Wednesday, May 05, 2010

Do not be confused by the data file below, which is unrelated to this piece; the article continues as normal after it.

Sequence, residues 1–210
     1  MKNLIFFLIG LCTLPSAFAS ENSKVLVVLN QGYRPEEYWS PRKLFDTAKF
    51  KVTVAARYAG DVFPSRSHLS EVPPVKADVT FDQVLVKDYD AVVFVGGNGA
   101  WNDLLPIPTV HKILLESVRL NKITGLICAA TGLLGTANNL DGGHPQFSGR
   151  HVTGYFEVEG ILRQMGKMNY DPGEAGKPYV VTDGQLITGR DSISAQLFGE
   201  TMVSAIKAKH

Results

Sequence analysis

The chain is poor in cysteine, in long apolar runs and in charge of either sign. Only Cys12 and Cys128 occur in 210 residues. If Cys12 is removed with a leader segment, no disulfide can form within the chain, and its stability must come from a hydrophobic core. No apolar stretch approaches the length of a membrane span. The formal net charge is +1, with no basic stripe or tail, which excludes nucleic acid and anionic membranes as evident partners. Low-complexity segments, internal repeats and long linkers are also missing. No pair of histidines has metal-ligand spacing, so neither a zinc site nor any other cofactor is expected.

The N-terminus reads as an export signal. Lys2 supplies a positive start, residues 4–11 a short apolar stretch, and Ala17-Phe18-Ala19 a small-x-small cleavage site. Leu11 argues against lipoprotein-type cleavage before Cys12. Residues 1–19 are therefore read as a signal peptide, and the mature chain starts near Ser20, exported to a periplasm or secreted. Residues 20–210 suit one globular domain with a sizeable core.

This is from my third round game of the Bergen County Open 2010 held at the Bergen Chess Mates in Ridgewood, New Jersey. As Black, I had a two-pawn advantage, and pressing my C pawn to promotion. It's only two squares from its queening square, but the C pawn isn't about to walk in there without opposition. Certainly, blockading it is imperative before it advances another square. The move I expected from White was 38. Qc2 which by itself isn't a life-saving move because 38... Rd2 is problematic. However, sometimes, chess players, including myself, make desperate game-losing moves when behind in the game. Here, White played 38. Re6? which I had already calculated to be immediately losing. Why did White play this move? Perhaps, he didn't realize that Black will have a temporizing move that will help the C pawn to promote. The game continued, from the diagram, 38. Re6 Qe6 39. Qe6 Re6 40. Re6 Rd1+ and the pawn will reach the queening square.


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